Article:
By Ben Konuch
“Our enemies think we are gentlemen, but reputation is what people think of you. Character is what you are.”
“The King’s Man” is a history-based spy thriller written and directed by Mathew Vaughn and serves as a prequel to “Kingsman: The Secret Service.” Set amidst the backdrop of World War I, the film follows the Duke of Oxford and his family (both blood relations and found family) as they begin the world’s first independent intelligence organization in order to expose a conspiracy at the center of the conflict enveloping the world. While “The King’s Man” does have some small pacing issues in its first half and has less action than the previous Kingsman films, this one has an emotional core and a gripping story that makes its scenes of fantastically choreographed action even more special when they do come. All in all, “The King’s Man” was one of my favorite action films this year, and is sure to be beloved by both longtime Kingsman fans and newcomers alike.
The film stars Ralph Fiennes and Harris Dickinson as the Duke of Oxford and his son Conrad, and after a tragedy at the film’s beginning, the Duke takes a vow of pacifism. As the world soon starts to head into the direction of a World War, Conrad realizes he wants to pursue a path that differs from his father. While the Duke is reluctant to get involved with war, even when his friend Archduke Ferdinand is assassinated, Conrad endeavors to get them both involved in stopping a horrible conspiracy that threatens everything they love.
Ralph Fiennes as the Duke shines as the film’s main protagonist
As a fan of history, “The King’s Man” truly shines as a historical thriller. It plays loose with history, threading a fictional conspiracy into real world events, but does so in a way that’s mesmerizing to watch. The period accurate sets, the unique setting of a world at war for the first time, and the old technology and “innovations” of the day all add to make a historical spy film the likes of which I haven’t seen since the 1960’s television series “The Wild, Wild West”.
What’s more, “The King’s Man” retains the main element that has made the franchise beloved by action fans: the fantastic fight scenes. A Kingsman movie can be identified by a specific style of action that director Mathew Vaughn first created back with “Kingsman: The Secret Service”, and while fight scenes are a bit less frequent in this film, they still have that visceral effect when they do come. The stunt choreographers not only create amazing sequences, but Vaughn frames these fights with wonderful camerawork that never stays still, but also doesn’t disorent with frequent fast cuts like many action films do. In the end, “The King’s Man” having slightly less action in order to build up a more mature and emotional story is completely justified by having the action that we do get being some of the best in the franchise.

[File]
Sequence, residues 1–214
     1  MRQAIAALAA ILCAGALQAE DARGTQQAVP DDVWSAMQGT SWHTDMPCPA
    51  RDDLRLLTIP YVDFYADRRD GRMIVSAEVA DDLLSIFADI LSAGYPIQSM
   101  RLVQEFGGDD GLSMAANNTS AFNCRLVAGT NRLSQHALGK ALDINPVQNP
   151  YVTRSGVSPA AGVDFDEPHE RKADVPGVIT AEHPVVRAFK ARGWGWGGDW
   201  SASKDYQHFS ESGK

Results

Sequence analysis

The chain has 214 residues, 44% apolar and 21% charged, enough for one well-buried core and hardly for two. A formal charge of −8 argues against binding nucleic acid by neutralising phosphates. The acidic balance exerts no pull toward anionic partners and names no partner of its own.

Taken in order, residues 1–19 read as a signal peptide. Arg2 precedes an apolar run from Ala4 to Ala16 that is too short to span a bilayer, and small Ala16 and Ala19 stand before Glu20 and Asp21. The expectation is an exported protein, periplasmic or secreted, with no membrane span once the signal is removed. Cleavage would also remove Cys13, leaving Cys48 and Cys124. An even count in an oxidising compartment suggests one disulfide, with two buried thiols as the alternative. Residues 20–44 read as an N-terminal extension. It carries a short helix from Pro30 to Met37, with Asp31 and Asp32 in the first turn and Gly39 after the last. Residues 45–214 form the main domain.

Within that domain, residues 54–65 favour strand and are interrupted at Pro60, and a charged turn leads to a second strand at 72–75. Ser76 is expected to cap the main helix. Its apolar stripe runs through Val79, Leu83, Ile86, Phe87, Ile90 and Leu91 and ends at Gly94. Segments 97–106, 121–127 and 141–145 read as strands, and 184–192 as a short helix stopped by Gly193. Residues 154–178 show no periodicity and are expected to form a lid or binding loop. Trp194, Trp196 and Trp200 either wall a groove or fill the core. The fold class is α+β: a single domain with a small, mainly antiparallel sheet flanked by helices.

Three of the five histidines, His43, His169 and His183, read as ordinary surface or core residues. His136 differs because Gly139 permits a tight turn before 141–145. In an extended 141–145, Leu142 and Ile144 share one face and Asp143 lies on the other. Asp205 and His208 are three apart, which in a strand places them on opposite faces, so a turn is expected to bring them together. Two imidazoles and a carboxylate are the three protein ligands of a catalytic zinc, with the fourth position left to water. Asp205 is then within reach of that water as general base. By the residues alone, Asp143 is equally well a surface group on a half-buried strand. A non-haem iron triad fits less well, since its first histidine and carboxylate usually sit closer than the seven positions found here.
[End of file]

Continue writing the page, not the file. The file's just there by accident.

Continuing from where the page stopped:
Lastly, what truly makes “The King’s Man” special is more than just a strong plot or flashy action, it’s how the film takes a deliberate step back from the franchise that spawned it in order to create something that is unique, while still feeling distinctly Kingsman. “The Secret Service” and “The Golden Circle” both had a strange mixture of shocking violence and comedic lightheartedness in tone that worked for many, but also turned many away. “The King’s Man”, however, has a much more consistent tone. There is violence as well as comedy, but the theme and style of this film never feels at war with themselves like other films in the franchise sometimes did. This is done by having “The King’s Man” be driven by its characters and the audience’s attachment to them. Sure, the plot of the film does entail evil villains and world-spanning conspiracies, but at its core, “The King’s Man” is a serious, thoughtful, and at times shockingly emotional tale of family, loss, and love in the face of unspeakable adversity.
The relationship between Conrad and the Duke makes “The King’s Man” more than just an empty action film.
Ralph Fiennes as the Duke is an amazingly layered performance of both a father and a gentleman, and as the film’s main protagonist, he proves to be a surprisingly relatable and admirable character. Likewise, seeing his struggle of ideologies with Conrad gives a different sense of desperation to “The King’s Man”, and seeing how that struggle would be resolved had me almost as intrigued as the main plotline. Djimon Hounsou and Gemma Arterton also have small but extremely important supporting roles that stole my heart even with little screentime, adding a theme of found-family onto the preexisting themes of family and familial tensions. Combine all that with one of the most uncomfortable villains I’ve ever seen on film in Rhys Ifan’s Rasputin, and you get a film filled to the brim with characters that are memorable as well as loveable.
Ra-Ra-Rasputin was one of the few times an onscreen character actually managed to make me physically uncomfortable.
With all of its parts put together, “The King’s Man” stands strong as a unique, historical action thriller that cares as much about its characters as it does about having flashy fights. Strong lead performances add to this, and while its more serious and more grounded tone may be off-putting for hardcore fans of the Kingsman franchise, its minor flaws and slower pacing is nothing compared to the weight of its story and spectacle of its moments of action.
For these reasons, I give “The King’s Man” a 9/10.
“The King’s Man” is currently playing in theaters.
Ben Konuch is a freshman strategic communications student and an A&E writer for Cedars. He enjoys getting sucked into good stories, playing video games and failing horribly at wallyball with his friends.